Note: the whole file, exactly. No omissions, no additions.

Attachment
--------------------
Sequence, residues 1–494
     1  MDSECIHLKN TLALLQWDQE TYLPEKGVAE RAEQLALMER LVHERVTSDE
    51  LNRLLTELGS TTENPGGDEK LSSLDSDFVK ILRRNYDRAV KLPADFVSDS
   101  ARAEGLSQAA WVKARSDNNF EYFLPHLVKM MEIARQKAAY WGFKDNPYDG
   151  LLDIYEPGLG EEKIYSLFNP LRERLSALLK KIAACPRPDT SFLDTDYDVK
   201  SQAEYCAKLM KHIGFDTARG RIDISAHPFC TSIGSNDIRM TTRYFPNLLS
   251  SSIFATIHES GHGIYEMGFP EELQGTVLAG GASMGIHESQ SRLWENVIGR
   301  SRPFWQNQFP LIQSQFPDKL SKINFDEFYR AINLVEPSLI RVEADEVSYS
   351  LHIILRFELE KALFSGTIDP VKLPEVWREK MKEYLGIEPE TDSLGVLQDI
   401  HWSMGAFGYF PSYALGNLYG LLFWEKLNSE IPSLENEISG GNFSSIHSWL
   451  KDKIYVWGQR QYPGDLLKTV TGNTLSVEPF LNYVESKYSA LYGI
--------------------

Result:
Sequence, residues 1–494
     1  MDSECIHLKN TLALLQWDQE TYLPEKGVAE RAEQLALMER LVHERVTSDE
    51  LNRLLTELGS TTENPGGDEK LSSLDSDFVK ILRRNYDRAV KLPADFVSDS
   101  ARAEGLSQAA WVKARSDNNF EYFLPHLVKM MEIARQKAAY WGFKDNPYDG
   151  LLDIYEPGLG EEKIYSLFNP LRERLSALLK KIAACPRPDT SFLDTDYDVK
   201  SQAEYCAKLM KHIGFDTARG RIDISAHPFC TSIGSNDIRM TTRYFPNLLS
   251  SSIFATIHES GHGIYEMGFP EELQGTVLAG GASMGIHESQ SRLWENVIGR
   301  SRPFWQNQFP LIQSQFPDKL SKINFDEFYR AINLVEPSLI RVEADEVSYS
   351  LHIILRFELE KALFSGTIDP VKLPEVWREK MKEYLGIEPE TDSLGVLQDI
   401  HWSMGAFGYF PSYALGNLYG LLFWEKLNSE IPSLENEISG GNFSSIHSWL
   451  KDKIYVWGQR QYPGDLLKTV TGNTLSVEPF LNYVESKYSA LYGI